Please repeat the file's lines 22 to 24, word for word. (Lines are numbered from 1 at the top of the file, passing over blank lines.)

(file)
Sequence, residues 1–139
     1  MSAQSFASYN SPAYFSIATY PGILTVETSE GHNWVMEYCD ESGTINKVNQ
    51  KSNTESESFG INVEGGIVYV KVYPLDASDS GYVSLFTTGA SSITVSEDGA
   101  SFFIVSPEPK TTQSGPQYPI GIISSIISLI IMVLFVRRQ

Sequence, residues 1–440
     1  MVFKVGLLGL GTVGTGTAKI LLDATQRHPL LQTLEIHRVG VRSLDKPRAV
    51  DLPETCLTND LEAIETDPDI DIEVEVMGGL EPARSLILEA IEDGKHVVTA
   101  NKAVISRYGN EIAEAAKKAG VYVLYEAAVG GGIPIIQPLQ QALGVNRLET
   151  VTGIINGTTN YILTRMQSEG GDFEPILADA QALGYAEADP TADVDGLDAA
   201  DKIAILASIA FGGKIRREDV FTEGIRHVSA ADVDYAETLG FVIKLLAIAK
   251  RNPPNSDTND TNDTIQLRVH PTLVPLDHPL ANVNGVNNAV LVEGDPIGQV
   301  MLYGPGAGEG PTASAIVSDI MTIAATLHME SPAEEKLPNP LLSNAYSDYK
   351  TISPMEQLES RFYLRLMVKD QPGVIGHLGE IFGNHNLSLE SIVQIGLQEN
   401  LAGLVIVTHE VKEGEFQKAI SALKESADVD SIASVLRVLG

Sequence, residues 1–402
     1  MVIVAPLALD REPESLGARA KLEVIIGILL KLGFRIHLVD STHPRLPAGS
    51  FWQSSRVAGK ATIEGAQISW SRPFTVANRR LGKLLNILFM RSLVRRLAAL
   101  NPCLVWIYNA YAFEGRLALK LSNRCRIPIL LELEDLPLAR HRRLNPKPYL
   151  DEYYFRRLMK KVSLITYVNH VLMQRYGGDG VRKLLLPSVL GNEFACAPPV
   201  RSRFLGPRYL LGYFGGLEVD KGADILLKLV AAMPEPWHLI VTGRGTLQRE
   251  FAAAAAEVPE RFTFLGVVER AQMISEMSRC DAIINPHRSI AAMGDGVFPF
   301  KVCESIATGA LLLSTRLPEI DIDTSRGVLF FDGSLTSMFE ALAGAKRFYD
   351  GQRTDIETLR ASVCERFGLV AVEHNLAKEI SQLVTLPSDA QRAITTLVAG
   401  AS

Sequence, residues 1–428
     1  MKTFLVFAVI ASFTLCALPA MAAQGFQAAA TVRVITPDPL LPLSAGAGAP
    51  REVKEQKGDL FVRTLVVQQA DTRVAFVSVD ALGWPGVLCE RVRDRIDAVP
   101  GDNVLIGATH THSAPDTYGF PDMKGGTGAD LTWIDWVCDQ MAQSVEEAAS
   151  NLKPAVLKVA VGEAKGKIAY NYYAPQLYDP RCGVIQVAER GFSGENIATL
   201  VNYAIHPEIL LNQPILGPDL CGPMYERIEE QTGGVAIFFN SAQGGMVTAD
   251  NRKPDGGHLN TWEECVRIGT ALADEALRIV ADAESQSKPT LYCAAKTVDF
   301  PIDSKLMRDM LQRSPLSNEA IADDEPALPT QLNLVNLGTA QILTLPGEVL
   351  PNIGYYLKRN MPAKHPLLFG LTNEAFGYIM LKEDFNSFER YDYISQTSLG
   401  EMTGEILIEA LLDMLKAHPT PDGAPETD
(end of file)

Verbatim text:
   301  KVCESIATGA LLLSTRLPEI DIDTSRGVLF FDGSLTSMFE ALAGAKRFYD
   351  GQRTDIETLR ASVCERFGLV AVEHNLAKEI SQLVTLPSDA QRAITTLVAG
   401  AS